5. Reward your pet after each nail is trimmed - food treats are great and create a positive experience for your pet.

6. Don't forget to trim the dew claws on the inside of each fore-leg (and in some pets, the hind-leg). These nails are easy to miss but are often the longest nails as they are not worn down as your pet walks.

Ask us for more information or for a demonstration. And never feel bad asking us to trim your pet's nails - we are always here to help!

03 I'm so confused, what should I feed my pet?

It can be very overwhelming when trying to choose the best diet for your pet. There are so many options out there and each seem to claim to provide specific health benefits for your pet. 

What is the most suitable diet for your pet? That's easy! A diet recommended by us. When it comes to nutrition, we are able to give you educated information and recommend the most suitable diet for your pet, at every stage of their life. If your pet is young, old, overweight, underweight, arthritic or suffering from diseases such as kidney or urinary tract disease, we will be able to recommend the correct diet for your pet.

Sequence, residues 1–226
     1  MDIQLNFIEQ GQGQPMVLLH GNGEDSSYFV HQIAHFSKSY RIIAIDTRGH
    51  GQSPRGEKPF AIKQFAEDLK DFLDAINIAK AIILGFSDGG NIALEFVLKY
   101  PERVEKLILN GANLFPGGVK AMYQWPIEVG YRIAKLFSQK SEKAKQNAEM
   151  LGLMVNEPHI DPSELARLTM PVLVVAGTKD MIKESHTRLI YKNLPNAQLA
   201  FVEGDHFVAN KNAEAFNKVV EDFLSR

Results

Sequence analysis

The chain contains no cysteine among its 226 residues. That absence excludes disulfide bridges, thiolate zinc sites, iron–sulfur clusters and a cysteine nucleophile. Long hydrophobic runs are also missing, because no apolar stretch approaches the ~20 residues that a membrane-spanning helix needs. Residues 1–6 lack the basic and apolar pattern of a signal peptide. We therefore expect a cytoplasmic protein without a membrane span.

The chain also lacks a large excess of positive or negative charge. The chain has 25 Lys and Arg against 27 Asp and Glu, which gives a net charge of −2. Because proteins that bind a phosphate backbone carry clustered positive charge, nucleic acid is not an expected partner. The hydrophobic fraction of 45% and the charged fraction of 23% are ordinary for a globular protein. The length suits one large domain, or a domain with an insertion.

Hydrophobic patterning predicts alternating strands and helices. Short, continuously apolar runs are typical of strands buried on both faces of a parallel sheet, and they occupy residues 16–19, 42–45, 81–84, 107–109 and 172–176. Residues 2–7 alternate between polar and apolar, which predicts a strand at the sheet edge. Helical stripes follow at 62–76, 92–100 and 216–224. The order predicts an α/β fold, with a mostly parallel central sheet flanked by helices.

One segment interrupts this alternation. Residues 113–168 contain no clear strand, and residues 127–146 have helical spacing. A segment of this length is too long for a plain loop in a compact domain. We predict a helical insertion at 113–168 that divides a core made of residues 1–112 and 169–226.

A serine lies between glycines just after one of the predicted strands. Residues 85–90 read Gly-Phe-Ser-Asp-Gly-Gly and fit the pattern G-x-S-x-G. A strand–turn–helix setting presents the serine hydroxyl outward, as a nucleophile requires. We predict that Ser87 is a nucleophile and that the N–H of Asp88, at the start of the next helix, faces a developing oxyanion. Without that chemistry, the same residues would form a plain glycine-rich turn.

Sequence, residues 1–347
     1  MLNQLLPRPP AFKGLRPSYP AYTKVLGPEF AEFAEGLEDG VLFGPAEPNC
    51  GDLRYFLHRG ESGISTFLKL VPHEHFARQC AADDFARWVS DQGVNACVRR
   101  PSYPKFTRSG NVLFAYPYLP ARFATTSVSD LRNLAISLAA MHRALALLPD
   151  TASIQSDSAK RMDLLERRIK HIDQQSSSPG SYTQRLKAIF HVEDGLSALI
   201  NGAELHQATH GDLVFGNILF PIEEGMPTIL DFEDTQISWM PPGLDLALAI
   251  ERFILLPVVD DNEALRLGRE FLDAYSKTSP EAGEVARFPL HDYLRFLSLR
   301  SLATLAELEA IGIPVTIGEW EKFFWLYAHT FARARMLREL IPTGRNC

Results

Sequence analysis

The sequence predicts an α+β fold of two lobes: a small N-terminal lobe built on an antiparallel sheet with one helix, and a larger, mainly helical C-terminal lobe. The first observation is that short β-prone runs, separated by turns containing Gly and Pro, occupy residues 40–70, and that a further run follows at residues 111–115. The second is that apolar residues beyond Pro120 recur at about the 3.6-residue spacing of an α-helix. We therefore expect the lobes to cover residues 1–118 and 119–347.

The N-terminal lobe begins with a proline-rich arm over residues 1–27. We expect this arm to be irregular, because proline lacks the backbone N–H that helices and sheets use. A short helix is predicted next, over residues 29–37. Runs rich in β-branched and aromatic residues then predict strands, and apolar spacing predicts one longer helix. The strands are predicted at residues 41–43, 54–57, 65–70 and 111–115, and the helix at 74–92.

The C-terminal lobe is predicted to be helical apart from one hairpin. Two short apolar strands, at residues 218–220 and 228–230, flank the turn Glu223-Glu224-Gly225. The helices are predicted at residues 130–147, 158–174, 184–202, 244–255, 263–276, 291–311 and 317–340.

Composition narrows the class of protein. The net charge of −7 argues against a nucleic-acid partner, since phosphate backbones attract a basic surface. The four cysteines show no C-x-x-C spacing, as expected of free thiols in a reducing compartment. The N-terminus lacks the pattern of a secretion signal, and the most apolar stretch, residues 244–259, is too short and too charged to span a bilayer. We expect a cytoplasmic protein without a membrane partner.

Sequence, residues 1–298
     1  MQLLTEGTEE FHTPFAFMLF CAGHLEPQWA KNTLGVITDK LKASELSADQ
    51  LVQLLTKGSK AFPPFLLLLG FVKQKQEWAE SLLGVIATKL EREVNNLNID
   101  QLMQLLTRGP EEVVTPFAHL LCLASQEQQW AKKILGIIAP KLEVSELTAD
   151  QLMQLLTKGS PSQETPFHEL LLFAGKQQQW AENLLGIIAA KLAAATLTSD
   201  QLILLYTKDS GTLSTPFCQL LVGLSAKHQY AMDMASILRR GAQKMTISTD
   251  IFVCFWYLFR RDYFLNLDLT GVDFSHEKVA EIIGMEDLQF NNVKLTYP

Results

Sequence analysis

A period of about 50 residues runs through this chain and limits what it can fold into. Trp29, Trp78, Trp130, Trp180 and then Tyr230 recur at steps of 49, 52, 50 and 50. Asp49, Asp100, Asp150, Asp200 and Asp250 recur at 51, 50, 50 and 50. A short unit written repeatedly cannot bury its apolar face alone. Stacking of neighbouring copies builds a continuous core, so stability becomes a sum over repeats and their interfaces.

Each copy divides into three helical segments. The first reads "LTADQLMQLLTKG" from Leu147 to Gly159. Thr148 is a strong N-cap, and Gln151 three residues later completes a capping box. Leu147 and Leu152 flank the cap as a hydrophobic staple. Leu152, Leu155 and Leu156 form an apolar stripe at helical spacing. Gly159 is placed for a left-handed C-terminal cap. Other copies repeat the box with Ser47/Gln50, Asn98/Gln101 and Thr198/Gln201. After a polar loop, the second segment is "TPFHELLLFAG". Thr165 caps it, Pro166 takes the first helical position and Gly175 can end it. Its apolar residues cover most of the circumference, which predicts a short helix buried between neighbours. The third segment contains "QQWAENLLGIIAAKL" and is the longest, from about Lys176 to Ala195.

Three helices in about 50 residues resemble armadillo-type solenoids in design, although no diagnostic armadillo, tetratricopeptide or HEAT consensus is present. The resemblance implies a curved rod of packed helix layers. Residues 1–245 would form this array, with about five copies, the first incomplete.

You may have also noticed that many pet food manufacturers promote their food as being 'superior' for containing 'all natural ingredients'. All of the foods we recommend contain natural ingredients and these are precisely balanced for optimum nutrition. This means your pet won’t receive too little or too much of certain nutrients. This is a claim only particular brands can make.

If you are feeling overwhelmed and don't know where to start with your pet's diet, you should always ask us for information. We will help you make the best choice when it comes to your pet’s nutrition.

04 Grain-free diets - are they better?

We think not.